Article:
Japanese Team Claims Discovery Of Elusive Element 113, And May Get To Name It
The claim needs to be verified by chemical authorities, but the team says it's the strongest evidence yet for the highly unstable element.
Decay Chain of Element 113
Japanese researchers claim they’ve seen conclusive evidence of the long-sought element 113, a super-heavy, super-unstable element near the bottom of the periodic table. It’s not yet verified by the International Union of Pure and Applied Chemistry, which regulates the table and the names of the elements — but if the IUPAC grants its blessing, the researchers could be the first team from Asia to name one of nature’s fundamental atoms.
Super-heavy elements do not occur in nature and have to be discovered in the lab, using particle accelerators, nuclear reactors, ion separators and other complex equipment. Scientists led by Kosuke Morita at the RIKEN Nishina Center for Accelerator-based Science have been hunting for 113 for nine years, and have claimed to see it a few times already — but the evidence has never been this clear, the team said today.
In an experiment in August, the team used a customized gas-filled recoil ion separator paired with a semiconductor detector that can pick out atomic reaction products. They created element 113 by speeding zinc ions through a linear accelerator until they reached 10 percent of the speed of light. The ions then smashed into a piece of bismuth. When the zinc and bismuth atoms fused, they produced an atom with 113 protons. This atom decayed, incredibly rapidly, into a series of daughter products, each an alpha particle (two protons and two neutrons) lighter than the parent atom. The daughter nuclides are the clear offspring of element 113, and only element 113, whose presence can thus be determined.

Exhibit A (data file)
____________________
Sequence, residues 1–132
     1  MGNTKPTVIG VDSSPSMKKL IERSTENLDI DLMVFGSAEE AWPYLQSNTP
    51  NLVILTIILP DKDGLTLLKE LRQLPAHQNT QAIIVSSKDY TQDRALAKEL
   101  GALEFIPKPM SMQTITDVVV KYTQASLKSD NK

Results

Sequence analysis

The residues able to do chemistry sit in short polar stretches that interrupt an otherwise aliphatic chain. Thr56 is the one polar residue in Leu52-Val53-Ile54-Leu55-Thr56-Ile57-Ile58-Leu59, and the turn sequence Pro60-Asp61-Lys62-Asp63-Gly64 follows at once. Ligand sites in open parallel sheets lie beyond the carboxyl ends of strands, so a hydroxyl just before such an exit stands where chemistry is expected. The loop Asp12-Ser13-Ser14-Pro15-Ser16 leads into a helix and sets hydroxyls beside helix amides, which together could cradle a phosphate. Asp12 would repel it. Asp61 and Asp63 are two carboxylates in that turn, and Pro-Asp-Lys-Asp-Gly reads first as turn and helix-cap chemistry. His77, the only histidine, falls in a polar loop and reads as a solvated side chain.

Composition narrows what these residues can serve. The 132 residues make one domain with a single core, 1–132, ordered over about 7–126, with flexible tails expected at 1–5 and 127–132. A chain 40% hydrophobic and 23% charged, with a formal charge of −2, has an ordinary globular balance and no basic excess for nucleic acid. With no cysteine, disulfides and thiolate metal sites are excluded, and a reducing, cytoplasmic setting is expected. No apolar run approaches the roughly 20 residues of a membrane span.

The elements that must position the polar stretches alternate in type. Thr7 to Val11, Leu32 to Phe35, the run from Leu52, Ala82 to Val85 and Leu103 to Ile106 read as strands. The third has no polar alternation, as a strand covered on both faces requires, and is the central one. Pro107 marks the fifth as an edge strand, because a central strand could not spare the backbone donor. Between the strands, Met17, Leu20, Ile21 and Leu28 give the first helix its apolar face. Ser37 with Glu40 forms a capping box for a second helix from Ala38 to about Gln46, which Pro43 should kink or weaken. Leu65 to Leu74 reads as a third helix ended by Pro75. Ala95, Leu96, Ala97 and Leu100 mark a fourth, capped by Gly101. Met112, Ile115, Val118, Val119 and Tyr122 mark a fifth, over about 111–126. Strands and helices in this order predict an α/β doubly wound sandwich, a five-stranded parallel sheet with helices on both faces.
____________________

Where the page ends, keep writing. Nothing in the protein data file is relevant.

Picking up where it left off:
Retired Carnegie Mellon University nuclear chemist Paul J. Karol chairs the IUPAC Joint Working Party that will investigate the claim, and said via email that while the group is still in the vetting process, the results are “extremely encouraging.”
Back in 2004 and 2005, the same RIKEN team noticed what looked like element 113 in four decay events, which included the spontaneous fission of an isotope of dubnium (element 105). But the final daughter products were not established relatives of 113, so the IUPAC didn’t recognize the discovery. This time, the alpha decay chain is clearer: From a heavy isotope of element 113, to isotopes of relatives Roentgenium (111); Meitnerium (109); Bohrium (107); Dubnium (105); Lawrencium (103); and Mendelevium (101).
A new paper describing this decay chain will be published in the Journal of the Physical Society of Japan.
Karol said the Dubna collaboration, involving Russian and American scientists, has also submitted results for review featuring a different isotope of 113. “Both groups do very
thorough and exacting work, but the JWP has not yet tackled the details with critical eyes,” Karol said.
The periodic table is almost full. During the past few years, teams in various countries have reported finding the final remaining elements: 113, 115, 117 and 118. As of June, the IUPAC was still evaluating claims for their discovery. No assignments have been made yet, but are being considered by a IUPAC and IUPAP Joint Working Party. If the IUPAC recognizes this discovery, the RIKEN team will get to name element 113.
Searching for Element 113